Bowles, Dorothy Stebbins Collection

Bowles, Dorothy Stebbins Collection
Credit: Dorothy Stebbins Bowles Collection, Northeast Historic Film. Dorothy Stebbins Bowles and her daughter Sally celebrating the Holi Festival, India 1952
      film (15,140 ft.) ; si.; 16mm reversal positive
      1927 – 1965
      Essex, Connecticut
      The collection consists of a total of 15,140 feet of 16mm film from the 1920's-1960's. These consist mostly of home movies shot by Dorothy Stebbins Bowles in India and Connecticut, including family activities, sailing, and travel through Asia, Europe, and Africa. Also included are two stageplays made in the 1930's, "Happy Days" and "The Great Discrepancy" and a sound film shot in India in 1953. Footage associated with well-known political figures includes Eleanor Roosevelt, Helenka Adamowska Pantaleoni (silent film actress and founding director of UNICEF), Indira Gandhi, Jawaharlal Nehru (first prime minister of India), Rajendra Prasad (first president of India), and King Tribhuvan of Nepal. Coverage of family recreation includes the sailing trips on the family Yacht around Newfoundland, Nova Scotia, Cape Breton, Bermuda, Maine, and Long Island Sound.
      Dorothy Stebbins Bowles, nicknamed Steb, was born in Newton, Massachusetts, in 1903 and died in Essex, Connecticut, in 1989. She traveled around the world in the 1920s and lived in India for many years during the 1950s and 1960s. Her father, Harry Stebbins, owned a lumber business in Boston. Her mother, Ada Eloise Stebbins, was an accomplished pianist, composer, and music teacher. She also had an older sister, Frances or Frannie Stebbins Pond.

      Dorothy graduated from Vassar College in 1925 and from Smith School of Social Work in 1926. In 1927 she took a trip with a friend, Kay Wharton, around the world, which she documented with her 16mm film camera. Along with a group of friends, including Roger Clapp as director, she starred in two amateur stage plays, "Happy Days" and "The Great Discrepancy" during the early 1930s. Some of these friends along with her family appear in her early films. She worked as a social worker with the Junior League in Boston until her marriage to Chester "Chet" Bowles in 1934.

      Chet worked in advertising in New York and had two children from a previous marriage, Barbara and Chester Jr., when he met Dorothy. They lived in Saybrook, Connecticut, until 1939 when their new house in Essex, Connecticut, was completed. They had three children, Cynthia (born 1936), Sally (born 1937), and Sam (born 1939). Chet continued in the advertising business until the United States entered WWII. He took a job with the state of Connecticut in the Wartime Rationing Office until he was appointed head of the Office of Price Administration by President Franklin D. Roosevelt. The family lived in Washington, D.C., from 1943-1947 while Chet was director of the OPA and films from this period include many of his co-workers and their families.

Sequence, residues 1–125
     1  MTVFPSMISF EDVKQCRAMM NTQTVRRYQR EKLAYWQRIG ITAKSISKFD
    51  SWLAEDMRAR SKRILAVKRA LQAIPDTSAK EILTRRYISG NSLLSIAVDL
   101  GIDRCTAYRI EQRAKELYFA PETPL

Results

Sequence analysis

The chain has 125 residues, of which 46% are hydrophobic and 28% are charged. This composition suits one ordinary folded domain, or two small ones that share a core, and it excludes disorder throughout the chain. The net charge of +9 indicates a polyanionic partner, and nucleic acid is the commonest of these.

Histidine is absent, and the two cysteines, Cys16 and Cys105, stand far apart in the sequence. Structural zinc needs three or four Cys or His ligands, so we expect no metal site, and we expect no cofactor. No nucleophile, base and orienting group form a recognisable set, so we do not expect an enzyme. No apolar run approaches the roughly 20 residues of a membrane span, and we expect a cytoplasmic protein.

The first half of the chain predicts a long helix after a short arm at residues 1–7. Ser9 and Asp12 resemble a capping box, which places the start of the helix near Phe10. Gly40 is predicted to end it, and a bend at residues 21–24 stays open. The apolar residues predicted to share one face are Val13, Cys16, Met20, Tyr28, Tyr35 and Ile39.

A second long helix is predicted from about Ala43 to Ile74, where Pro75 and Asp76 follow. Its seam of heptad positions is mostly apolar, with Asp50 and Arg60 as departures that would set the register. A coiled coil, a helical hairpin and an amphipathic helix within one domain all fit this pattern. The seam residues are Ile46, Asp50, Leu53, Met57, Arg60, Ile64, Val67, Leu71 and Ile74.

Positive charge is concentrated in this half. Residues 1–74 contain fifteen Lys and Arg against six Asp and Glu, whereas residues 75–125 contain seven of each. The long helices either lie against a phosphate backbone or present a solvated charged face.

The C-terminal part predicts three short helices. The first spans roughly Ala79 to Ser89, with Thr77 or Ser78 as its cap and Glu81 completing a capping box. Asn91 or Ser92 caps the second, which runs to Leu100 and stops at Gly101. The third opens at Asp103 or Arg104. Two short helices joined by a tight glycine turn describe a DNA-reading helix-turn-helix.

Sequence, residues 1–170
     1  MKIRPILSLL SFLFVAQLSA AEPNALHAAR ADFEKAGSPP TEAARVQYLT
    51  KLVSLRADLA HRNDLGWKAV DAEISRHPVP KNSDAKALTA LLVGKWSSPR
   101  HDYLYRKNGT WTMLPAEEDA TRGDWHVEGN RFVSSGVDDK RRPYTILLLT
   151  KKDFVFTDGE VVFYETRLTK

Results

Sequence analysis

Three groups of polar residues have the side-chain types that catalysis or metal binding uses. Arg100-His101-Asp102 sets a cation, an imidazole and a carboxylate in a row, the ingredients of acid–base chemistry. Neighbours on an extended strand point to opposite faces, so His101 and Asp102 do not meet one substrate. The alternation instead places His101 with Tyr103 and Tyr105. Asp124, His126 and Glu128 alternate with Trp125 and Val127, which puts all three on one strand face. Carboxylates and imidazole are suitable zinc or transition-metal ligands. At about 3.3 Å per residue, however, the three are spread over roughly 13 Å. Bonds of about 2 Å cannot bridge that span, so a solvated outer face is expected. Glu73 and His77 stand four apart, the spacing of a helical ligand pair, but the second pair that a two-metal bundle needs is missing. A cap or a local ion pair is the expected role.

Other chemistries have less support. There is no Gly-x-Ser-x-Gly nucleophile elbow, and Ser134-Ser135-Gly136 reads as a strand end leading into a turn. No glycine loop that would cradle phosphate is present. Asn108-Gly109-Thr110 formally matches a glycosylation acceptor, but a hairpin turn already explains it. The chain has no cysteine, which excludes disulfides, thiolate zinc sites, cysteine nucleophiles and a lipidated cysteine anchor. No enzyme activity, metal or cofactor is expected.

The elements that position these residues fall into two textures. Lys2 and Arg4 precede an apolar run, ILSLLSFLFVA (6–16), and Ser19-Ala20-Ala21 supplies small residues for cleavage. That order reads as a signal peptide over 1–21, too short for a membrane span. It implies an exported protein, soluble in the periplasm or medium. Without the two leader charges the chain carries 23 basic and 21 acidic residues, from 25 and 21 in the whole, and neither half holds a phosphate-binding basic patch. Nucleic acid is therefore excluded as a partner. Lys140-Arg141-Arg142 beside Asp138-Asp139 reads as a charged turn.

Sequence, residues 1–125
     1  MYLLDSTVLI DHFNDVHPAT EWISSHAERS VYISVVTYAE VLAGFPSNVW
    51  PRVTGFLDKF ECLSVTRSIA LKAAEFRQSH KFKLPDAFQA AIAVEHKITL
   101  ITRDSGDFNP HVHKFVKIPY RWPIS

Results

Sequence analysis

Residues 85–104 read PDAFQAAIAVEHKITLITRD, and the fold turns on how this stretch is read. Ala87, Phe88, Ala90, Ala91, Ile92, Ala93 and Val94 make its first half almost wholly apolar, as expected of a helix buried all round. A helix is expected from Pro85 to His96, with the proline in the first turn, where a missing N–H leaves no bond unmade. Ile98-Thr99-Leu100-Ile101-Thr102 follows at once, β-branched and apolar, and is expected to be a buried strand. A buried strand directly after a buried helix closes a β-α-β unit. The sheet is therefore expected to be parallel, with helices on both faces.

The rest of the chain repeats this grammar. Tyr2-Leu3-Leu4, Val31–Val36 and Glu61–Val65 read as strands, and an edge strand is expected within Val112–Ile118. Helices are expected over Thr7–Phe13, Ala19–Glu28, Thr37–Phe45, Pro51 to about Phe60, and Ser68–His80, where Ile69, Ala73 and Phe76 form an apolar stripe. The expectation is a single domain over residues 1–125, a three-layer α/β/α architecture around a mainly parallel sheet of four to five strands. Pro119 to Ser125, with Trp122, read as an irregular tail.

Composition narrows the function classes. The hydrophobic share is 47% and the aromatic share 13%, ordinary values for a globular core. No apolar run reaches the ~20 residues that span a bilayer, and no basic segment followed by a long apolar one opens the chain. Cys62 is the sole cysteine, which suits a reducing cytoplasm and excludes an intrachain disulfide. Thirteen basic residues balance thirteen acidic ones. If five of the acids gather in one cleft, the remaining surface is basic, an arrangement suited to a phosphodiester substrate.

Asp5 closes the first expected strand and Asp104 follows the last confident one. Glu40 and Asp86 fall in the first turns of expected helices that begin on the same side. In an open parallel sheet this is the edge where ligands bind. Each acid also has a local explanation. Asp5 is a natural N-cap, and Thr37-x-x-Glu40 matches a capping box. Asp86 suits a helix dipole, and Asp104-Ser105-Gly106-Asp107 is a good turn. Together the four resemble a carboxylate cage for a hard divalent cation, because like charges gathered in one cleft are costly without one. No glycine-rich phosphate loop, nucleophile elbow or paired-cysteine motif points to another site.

In 1947 the family returned to Connecticut where Chet was elected Governor in 1948, and served one term. Chet, Dorothy, Cynthia, Sally, and Sam relocated to India in 1951 when Chet was appointed the Ambassador to India and Nepal. In 1953 they returned to their home in Essex, Connecticut. Dorothy and Chet continued to travel around the world and her films document their trips to Southeast Asia, Pakistan, Africa, Russia, and Europe through the late 1950s. Chet won a seat in the House of Representatives and served from 1959-1960. In 1960 he was selected as a foreign policy advisor to Senator John F. Kennedy and become Under Secretary of State in 1961 after Kennedy was elected President. He was once again appointed Ambassador to India and returned to the country with Dorothy in 1963. In 1968 they returned to Essex, Connecticut, where they remained until their deaths in 1986 (Chet) and 1989 (Dorothy).

      Sailing was a passion of both Dorothy and Chet and many films show the couple sailing from Connecticut to Newfoundland, Nova Scotia, Cape Breton, Bermuda, Maine, and Long Island Sound.
      Northeast Historic Film
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      38 Items in this collection